Q. Neither Charles Snowden or Elliott Brown had much of a football resume when he arrived here. Each had played basketball. We know what Charles has done. Where is Elliott in his development? Looks like he played a significant amount the other day, along with Matt Gahm.
COACH MENDENHALL: Elliott I would say is exactly where Charles was one year ago. So Elliott’s football resume was similar to Charles’. Charles has just, through opportunity basically, had more opportunity and more experience. And so where Elliott is now — which is a great compliment, that he makes his debut and earned his stripes against Miami. He has impressed us enough now to do what Charles was doing a year ago basically, and we’ll kind of launch from there.
Some of our depth concerns at inside backer have had us looking, Okay, who else? That led to Matt Gahm, which was already getting some action in as a backup and is solid and consistent and reliable, but then Elliott was next.
So we framed and designed a nice role for him, and he did really well in that role.
Q. Inside and outside or…
COACH MENDENHALL: Yeah, hybrid is the best way to say it. We have so many personnel groups now defensively. Just really working to highlight the best players we have versus the situation the game calls for at any time. We’re not deep enough to have just one group that can play everything, so we’re becoming pretty hybrid as a defense. Quite frankly, versus different offensive looks and personnel groups, we’re basically playing different styles of defense with the best players we have on our roster. That gives us enough then to get through a game.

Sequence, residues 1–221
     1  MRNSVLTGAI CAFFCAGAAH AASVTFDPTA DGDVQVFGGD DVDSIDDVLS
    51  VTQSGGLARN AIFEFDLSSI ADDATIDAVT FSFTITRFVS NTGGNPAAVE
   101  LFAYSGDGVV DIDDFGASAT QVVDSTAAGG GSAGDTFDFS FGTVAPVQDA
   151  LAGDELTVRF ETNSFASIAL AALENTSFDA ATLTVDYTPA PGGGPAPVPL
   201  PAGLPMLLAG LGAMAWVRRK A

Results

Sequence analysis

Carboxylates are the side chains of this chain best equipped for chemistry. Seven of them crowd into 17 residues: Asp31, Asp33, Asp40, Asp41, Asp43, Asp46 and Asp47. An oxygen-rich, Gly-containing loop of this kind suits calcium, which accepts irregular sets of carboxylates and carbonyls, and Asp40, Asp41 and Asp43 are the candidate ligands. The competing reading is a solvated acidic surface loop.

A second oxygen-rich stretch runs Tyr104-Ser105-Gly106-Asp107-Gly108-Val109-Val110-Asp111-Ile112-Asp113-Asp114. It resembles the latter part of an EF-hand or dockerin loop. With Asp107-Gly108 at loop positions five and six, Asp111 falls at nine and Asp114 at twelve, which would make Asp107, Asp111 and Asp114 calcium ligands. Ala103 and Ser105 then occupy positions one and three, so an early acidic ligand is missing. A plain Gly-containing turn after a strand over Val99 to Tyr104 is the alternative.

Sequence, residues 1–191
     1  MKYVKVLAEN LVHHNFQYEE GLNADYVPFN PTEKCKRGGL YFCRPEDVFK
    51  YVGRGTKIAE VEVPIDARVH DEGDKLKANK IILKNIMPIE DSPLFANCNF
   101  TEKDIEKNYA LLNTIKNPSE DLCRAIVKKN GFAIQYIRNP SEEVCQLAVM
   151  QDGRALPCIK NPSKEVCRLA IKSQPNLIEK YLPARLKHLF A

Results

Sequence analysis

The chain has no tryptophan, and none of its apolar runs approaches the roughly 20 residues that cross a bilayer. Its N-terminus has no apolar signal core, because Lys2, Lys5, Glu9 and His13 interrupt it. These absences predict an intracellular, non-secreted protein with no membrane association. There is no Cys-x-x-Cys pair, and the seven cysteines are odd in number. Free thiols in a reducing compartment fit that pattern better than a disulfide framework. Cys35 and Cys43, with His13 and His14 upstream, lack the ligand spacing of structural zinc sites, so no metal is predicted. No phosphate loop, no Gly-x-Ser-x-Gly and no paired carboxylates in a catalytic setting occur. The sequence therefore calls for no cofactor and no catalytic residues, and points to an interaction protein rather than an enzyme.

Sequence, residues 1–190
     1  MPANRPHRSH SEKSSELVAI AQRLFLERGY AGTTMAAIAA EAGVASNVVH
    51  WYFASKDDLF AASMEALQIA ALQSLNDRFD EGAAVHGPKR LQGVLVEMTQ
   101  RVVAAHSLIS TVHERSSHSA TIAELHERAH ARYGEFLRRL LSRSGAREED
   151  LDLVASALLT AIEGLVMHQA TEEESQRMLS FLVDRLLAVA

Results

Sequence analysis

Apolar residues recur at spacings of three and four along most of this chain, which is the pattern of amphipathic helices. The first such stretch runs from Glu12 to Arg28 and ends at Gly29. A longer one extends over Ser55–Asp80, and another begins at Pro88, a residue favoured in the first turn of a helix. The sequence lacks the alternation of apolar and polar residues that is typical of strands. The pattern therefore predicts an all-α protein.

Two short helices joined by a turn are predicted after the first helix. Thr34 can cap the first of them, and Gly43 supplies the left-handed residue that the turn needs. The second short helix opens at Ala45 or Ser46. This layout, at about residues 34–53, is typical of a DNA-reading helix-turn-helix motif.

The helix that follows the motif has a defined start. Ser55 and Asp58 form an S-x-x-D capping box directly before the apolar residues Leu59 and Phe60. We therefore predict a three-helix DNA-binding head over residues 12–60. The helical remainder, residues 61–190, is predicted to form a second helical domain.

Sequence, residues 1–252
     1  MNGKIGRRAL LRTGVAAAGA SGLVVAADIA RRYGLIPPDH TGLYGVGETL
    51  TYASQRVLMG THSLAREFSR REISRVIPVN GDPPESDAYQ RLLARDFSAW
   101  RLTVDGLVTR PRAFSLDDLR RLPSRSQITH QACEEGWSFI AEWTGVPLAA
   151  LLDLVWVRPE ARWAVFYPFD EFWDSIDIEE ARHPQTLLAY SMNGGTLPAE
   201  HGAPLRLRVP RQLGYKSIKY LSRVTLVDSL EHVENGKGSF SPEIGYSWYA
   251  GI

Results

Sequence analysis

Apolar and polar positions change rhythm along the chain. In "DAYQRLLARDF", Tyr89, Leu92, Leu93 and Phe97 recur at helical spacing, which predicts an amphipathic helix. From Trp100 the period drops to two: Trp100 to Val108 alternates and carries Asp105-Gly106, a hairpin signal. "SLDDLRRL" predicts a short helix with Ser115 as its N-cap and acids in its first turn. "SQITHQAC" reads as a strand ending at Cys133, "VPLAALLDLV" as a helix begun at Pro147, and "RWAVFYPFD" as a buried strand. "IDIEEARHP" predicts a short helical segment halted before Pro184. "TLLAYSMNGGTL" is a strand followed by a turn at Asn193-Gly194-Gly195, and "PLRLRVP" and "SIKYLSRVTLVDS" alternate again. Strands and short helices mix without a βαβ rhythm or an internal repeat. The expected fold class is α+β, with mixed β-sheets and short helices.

Q. After Delaney’s performance on Saturday, kicking competition still open in practice or would you say he’s earned the job?
COACH MENDENHALL: No, he’s earned the job. Let me rephrase that. Yeah, he has earned the job pending just consistent performance practice. So it won’t be now head-to-head in practice versus another one of our kickers; however, I am known to — if a player then doesn’t perform well in practice or looks lackluster or the consistency doesn’t seem to be there, it opens up again. Brian controls that now. If he practices like he just did and performs like he did in our game, it’s his job.
If at some point in practice he’s not consistent or doesn’t seem to be on, then I open it back up. It’s his now to lose.
Q. Having a chance to have gone back and watched the film, can you talk about Bryce’s three interceptions?
COACH MENDENHALL: Let’s see, the first one was throwing back across his body, so all the front side looks were covered. Olamide [Zaccheaus] then pivots and opens himself away from coverage. But as Bryce stopped and then stopped to deliver, that then gave a defender a chance to then catch up to him.
So trying to do too much versus the look that he had, rather than just throwing it out of bounds. A player flashed open on the second one as well. He just threw the ball high.
Oh, third one. Man, that I was a great play by the corner. Our receiver, and he’s got an outside release, released inside and then worked his way back out. The defensive back undercut, and just — Hasise [Dubois] has been playing really well, and the defender took it away. First two were more quarterback driven. Third one was a really good play for the defender.